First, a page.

If you're injured through a mechanical failure, we may be able to use product liability law to gain compensation for you. The United States has over 10,000 ski lifts, and aging ski lifts are becoming an increasing problem. The responsible parties for a product defect can be:

  • The product manufacturer
  • The party that assembles or installs the product
  • The manufacturer of parts
  • The wholesaler
  • The retail company that sold the product

What are the types of product defects?

In California, product liability law applies to someone who designs, manufactures, or sells a defective product. They are strictly liable even if they weren't necessarily negligent when an injury occurred. There are three categories of product defects:

Manufacturing defects: Manufacturing defects happen while the product is being constructed or produced. It may be that only a few components were missing or faulty components were used.

Design defects: A design defect happens in the engineering phase and is inherent to the product's design. In California, a product designer must justify the product's design to prove there was no defect.

Warning defects: Warning defects occur in the marketing phase and relate to improper warnings of the hazards of using the product.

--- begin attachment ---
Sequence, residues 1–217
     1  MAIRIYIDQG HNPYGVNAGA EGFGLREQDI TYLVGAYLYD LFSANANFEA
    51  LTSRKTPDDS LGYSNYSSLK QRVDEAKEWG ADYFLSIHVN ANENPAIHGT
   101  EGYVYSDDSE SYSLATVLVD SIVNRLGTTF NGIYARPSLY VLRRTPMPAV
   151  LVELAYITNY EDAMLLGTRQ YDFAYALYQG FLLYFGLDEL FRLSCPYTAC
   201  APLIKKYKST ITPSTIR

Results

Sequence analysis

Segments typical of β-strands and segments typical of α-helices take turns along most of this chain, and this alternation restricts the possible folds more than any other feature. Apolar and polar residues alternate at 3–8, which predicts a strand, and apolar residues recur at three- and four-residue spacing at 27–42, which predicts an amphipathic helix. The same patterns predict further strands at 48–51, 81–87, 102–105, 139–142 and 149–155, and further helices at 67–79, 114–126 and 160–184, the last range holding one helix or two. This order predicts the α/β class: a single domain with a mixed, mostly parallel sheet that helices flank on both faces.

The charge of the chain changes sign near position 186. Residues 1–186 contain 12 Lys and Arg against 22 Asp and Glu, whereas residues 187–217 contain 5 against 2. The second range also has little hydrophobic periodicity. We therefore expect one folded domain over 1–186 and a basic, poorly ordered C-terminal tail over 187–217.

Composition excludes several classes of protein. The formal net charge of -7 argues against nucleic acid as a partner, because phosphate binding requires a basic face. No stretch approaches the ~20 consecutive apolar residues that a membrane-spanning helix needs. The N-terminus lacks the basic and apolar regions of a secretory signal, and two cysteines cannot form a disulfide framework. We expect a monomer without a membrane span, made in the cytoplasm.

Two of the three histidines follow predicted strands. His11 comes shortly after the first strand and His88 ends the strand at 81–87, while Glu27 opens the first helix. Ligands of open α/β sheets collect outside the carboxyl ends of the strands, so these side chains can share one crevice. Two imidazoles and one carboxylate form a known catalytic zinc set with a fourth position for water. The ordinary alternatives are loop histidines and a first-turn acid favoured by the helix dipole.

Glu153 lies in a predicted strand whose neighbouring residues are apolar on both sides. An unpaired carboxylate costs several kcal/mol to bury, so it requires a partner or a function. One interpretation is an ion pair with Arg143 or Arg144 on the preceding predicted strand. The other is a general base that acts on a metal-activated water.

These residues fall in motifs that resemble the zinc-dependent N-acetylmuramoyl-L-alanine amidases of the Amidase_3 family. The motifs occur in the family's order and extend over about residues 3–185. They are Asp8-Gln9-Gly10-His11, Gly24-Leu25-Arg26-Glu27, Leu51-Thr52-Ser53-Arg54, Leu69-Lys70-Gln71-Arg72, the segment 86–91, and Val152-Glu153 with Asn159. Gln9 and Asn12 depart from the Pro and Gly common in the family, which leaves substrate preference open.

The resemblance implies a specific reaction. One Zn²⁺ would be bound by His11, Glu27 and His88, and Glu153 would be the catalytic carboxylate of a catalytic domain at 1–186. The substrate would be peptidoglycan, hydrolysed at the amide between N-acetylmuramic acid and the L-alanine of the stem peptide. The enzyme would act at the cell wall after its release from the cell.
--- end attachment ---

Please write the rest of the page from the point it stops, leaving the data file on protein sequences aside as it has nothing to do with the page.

Another type of ski lift accident can occur when the ski lift attendant fails to pay attention. Entering and exiting a ski lift or tram is when most ski lift accidents happen. A ski lift attendant has the duty to maintain a proper lookout and be prepared to stop the lift if they see a dangerous situation. While it's the duty of a novice skier to alert lift attendants of their inexperience, it's still the duty of the lift attendant to make sure a novice isn't hurt entering or exiting the lift

What if I signed a waiver?

Waivers do not protect a ski area operator from all liability in an accident. However, it makes the situation far more complex, and that is why you need the help of our California ski accident lawyers. We will have to prove the ski area operator was negligent and also find holes in the legality of the waiver. Specific situations can assist in invalidating a waiver.